In theory, under particular conditions, and in isolation dust would not be unhealthy – remember, it’s just ‘anything small’. When we talk about house dust however, the situation changes. Dust in homes creates a perfect habitats for dust mites. They feed mainly on dead human skin – 1.5g of dead skin (what an average person sheds in a day) can feed around 1 million dust mites (according to Asthma and Allergy Foundation of America). These tiny creatures (0.25mm to 0.33mm in size) cannot be seen with the naked eye. Your home may look clean, but they still may be around.
When someone says that they have a ‘dust allergy’ is usually just a term they use to say they are allergic to dust mites. More specifically, to the digestive enzymes found in their droppings. I don’t want to be too graphic, but I think it is important to understand what happens after. Dust mites’ dung disintegrates into powder and people just breath it in. If they happen to be allergic to those enzymes may cause allergy symptoms such as sneezing, runny nose, itchy, red or watery eyes, nasal congestion, itchy nose, roof of mouth or throat, cough, facial pressure and pain, swollen, blue-colored skin under their eyes. Among people with asthma, the reaction to dust mite enzymes may contribute to the difficulty in breathing, chest tightness or pain, trouble sleeping (..), coughing or wheezing, bouts of coughing or wheezing that are worsened by a common cold or the flu (source: Mayo Clinic).
If you want to see how the dust mite looks like and get some more information on them, I recommend this short (3.5 min) video on YouTube:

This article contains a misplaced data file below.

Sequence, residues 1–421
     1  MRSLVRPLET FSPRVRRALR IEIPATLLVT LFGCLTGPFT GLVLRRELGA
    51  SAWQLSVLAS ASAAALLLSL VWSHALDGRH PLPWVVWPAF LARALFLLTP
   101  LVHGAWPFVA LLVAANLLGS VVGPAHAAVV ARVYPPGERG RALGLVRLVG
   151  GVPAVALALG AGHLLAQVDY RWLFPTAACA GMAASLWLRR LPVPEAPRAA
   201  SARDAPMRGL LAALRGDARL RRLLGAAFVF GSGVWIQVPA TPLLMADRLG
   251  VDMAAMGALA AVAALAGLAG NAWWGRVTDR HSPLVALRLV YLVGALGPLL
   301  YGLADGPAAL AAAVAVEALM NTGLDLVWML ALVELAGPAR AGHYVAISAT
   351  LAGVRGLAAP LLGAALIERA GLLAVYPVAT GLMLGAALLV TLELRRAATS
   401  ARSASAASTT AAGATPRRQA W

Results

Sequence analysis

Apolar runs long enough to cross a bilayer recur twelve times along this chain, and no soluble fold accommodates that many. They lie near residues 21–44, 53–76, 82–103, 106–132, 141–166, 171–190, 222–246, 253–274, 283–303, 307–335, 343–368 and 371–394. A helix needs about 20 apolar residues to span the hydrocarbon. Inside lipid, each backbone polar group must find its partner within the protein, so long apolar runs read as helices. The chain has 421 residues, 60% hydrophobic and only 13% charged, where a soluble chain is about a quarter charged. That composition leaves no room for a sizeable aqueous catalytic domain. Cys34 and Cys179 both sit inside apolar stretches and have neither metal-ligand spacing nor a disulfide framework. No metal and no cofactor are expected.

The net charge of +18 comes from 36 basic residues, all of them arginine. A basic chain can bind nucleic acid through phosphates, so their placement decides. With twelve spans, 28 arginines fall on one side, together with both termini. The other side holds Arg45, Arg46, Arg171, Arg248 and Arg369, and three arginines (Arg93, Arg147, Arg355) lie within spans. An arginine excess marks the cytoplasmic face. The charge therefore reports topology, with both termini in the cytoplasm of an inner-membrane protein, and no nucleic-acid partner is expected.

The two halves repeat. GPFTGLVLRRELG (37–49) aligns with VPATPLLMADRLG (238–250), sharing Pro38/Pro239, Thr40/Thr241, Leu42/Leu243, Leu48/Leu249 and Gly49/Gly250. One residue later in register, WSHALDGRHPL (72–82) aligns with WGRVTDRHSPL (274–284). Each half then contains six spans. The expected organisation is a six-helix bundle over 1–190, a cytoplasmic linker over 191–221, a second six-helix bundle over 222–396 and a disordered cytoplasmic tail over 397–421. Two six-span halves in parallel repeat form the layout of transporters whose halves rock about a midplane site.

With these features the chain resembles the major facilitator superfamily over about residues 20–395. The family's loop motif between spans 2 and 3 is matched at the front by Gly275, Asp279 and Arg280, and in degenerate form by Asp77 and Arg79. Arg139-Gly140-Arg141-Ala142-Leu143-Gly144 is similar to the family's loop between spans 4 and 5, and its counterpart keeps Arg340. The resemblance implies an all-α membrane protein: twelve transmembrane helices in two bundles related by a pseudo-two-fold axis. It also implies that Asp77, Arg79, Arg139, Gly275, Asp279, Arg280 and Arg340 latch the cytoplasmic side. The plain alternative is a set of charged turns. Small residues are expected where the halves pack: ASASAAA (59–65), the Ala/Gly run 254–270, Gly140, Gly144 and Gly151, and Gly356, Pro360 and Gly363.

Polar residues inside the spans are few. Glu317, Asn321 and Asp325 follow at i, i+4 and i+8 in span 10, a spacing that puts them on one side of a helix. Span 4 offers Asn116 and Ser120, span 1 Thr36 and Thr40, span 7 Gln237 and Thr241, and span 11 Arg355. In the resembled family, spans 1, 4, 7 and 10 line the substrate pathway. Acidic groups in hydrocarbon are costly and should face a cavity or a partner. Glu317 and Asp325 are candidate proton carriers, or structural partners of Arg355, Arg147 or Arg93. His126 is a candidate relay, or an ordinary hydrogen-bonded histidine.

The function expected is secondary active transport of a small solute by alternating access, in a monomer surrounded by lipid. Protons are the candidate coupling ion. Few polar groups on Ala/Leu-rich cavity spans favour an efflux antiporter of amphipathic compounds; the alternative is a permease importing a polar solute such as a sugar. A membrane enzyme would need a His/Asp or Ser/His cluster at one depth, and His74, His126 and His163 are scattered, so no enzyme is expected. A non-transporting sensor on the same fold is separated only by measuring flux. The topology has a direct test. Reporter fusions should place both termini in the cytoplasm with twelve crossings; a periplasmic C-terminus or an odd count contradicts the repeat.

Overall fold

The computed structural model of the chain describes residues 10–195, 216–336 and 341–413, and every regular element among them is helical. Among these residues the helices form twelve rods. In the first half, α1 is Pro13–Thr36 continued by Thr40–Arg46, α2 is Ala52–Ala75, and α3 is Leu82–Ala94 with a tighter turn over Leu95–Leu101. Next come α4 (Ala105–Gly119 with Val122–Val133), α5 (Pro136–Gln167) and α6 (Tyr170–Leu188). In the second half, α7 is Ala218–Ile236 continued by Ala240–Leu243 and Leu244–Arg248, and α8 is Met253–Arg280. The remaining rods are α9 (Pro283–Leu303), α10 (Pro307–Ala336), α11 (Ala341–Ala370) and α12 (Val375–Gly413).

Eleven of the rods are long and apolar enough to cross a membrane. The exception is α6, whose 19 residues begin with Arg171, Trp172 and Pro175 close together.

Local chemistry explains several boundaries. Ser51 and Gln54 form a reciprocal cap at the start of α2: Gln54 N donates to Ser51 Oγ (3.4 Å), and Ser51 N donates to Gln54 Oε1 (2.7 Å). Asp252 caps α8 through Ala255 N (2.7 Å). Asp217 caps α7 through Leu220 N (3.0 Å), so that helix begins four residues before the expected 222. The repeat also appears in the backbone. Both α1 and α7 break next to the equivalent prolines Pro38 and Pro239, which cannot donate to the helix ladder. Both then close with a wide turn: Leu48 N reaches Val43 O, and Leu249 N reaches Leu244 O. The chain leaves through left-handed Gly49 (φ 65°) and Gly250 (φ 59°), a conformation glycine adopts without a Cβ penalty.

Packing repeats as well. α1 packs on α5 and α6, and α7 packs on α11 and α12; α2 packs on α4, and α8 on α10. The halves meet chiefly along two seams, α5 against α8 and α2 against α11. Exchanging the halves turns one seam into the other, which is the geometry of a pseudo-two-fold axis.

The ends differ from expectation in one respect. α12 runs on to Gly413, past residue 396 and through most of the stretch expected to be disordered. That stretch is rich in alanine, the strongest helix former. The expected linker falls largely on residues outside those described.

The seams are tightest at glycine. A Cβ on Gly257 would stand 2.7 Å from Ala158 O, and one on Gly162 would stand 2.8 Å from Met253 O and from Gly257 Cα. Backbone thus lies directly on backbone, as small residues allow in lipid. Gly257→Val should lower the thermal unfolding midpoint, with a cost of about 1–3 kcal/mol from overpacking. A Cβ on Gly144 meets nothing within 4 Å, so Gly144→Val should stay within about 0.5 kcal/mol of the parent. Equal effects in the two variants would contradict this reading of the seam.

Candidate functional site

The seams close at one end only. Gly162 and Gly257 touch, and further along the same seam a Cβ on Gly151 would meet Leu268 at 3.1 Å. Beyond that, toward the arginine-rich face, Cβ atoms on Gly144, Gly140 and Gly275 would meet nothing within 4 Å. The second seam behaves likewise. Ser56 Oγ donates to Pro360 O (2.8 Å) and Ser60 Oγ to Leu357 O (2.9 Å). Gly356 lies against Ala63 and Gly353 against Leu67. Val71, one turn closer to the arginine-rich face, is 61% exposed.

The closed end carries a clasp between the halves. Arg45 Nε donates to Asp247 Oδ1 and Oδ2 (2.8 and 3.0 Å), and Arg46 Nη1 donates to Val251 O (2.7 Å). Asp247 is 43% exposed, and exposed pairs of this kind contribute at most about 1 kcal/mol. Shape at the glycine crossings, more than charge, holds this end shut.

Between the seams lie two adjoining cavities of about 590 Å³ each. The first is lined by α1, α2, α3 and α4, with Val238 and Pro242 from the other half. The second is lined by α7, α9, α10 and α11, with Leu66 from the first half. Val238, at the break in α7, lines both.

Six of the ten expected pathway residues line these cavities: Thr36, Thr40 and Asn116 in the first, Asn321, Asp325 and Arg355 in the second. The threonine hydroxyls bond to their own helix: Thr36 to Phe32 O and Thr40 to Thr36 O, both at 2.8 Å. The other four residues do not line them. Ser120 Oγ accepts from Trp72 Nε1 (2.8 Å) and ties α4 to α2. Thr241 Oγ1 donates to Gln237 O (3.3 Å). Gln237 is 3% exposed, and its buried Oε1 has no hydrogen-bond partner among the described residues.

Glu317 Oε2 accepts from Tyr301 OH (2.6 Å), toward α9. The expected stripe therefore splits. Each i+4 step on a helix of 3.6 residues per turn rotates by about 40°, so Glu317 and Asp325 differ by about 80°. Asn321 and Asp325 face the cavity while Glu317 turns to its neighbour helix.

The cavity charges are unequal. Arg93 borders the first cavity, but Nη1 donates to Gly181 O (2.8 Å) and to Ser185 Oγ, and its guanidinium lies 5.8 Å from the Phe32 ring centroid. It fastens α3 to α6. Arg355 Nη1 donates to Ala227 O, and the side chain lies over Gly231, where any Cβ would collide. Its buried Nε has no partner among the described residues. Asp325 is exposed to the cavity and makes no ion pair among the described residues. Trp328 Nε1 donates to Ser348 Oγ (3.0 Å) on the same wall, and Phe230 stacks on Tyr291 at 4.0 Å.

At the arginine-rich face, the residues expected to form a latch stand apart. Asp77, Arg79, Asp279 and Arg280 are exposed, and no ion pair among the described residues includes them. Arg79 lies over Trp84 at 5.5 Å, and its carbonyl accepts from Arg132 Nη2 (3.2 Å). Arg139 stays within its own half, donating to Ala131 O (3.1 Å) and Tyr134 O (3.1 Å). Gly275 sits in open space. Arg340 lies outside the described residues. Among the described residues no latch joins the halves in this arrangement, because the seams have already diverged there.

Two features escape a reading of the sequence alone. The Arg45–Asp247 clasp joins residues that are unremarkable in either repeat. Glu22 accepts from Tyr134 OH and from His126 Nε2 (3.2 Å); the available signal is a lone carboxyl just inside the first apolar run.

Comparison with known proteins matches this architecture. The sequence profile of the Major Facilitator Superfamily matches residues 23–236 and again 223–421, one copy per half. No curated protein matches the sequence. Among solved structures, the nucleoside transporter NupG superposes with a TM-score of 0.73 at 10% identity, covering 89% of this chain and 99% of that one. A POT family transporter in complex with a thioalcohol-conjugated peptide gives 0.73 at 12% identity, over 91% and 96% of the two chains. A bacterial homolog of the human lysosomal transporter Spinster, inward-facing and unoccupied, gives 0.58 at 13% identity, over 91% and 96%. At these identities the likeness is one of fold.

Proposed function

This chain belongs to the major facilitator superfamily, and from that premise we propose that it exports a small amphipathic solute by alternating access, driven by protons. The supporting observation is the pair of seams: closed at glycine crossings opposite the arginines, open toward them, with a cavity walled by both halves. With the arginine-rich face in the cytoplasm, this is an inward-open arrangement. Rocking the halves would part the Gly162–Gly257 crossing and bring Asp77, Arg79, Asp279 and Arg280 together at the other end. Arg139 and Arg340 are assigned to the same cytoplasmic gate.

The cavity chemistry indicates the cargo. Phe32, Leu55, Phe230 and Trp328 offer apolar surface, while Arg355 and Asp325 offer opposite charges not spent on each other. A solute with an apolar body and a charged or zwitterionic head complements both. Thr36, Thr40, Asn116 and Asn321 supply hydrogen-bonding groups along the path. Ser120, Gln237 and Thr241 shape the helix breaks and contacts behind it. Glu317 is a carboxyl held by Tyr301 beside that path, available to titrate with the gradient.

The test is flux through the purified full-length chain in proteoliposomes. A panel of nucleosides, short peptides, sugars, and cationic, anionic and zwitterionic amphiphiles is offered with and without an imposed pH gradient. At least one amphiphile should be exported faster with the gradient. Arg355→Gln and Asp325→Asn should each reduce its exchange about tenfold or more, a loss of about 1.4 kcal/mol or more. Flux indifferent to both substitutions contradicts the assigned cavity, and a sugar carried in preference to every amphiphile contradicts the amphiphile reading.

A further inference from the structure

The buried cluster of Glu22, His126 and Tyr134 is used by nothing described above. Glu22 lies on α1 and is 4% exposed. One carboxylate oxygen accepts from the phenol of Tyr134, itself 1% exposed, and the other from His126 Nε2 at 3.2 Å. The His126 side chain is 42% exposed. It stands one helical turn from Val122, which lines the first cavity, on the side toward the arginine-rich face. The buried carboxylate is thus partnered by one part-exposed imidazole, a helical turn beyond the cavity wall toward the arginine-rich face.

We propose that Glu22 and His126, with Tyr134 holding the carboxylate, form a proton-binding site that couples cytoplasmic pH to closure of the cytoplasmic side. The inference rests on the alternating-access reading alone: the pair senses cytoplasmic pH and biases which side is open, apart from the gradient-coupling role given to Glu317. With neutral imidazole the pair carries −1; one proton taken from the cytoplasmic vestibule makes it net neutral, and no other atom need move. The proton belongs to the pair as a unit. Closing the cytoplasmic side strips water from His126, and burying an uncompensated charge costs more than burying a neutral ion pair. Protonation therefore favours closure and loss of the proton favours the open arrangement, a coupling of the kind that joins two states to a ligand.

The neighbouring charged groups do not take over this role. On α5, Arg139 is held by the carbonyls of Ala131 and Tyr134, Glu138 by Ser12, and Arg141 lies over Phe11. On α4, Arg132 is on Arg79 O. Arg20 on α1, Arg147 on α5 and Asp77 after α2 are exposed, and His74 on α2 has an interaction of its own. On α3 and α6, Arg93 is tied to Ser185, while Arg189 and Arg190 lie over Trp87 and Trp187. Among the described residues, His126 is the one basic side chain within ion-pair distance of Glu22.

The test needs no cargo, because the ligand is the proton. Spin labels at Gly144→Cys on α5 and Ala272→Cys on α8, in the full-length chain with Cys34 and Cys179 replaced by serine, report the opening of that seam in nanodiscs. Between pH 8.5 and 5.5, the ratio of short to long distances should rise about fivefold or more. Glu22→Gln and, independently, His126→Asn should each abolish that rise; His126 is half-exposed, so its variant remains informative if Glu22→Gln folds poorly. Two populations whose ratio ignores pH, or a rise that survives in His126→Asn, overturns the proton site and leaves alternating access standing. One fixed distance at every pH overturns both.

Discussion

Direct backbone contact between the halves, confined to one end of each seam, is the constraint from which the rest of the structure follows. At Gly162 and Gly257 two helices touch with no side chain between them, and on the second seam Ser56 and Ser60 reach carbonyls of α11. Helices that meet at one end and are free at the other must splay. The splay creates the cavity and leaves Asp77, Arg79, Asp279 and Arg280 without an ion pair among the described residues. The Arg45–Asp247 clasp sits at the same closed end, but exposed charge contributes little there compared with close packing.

Maybe it’s not dust, but toxic mold?
There is also at least one more thing to be aware off. Dust can be quite easily mistaken for toxic mold. The simple rule to keep in mind is: if you see something that looks like dust, but it sticks to the surface (e.g. under the shelf), you may be looking at toxic mold. What toxic mold is and why it is very bad for you is a topic for a whole new article (or a book), so I won’t cover it here, but it you’re curious, you can find an introductory article on toxic mold on Martha Stewart’s blog.
What are the best ways to get rid of dust?
First of all you should accept that dust will be a part of your life, no matter how much you try to get rid of it. However, there are ways to minimize the amount of dust you have to breathe in in your home. For starters, you should maintain a regular cleaning routine and make appropriate changes to your lifestyle. To find some good tips on a proper way to go about it, you can read an articles on fighting the dust allergy and keeping allergy symptoms at bay with proper cleaning on SPIC AND SPAN.BLOG. I also find the guide to fighting dust mite allergy from East Kent Hospitals University particularly useful.
Keep your home clean with SPIC AND SPAN.
If you’re too busy to maintain the proper cleaning routine yourself, you can get excellent help from SPIC AND SPAN. cleaners. ALLERGIE REINIGUNG. is package specially dedicated to deep cleaning your home, designed to help fight the allergy symptoms in your living environment. For those interested in a regular cleaning plan, REGELMESSIGE REINIGUNG. package, starting at €20/hour per cleaner can be a great choice. These two, and other SPIC AND SPAN. packages can be ordered using our interactive online form on our website or via phone at +49 30 588 494 40. Our excellent customer support team is available 24/7 (both phone and email support).Grete Kuusk
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- “Photo no.1”: for source click here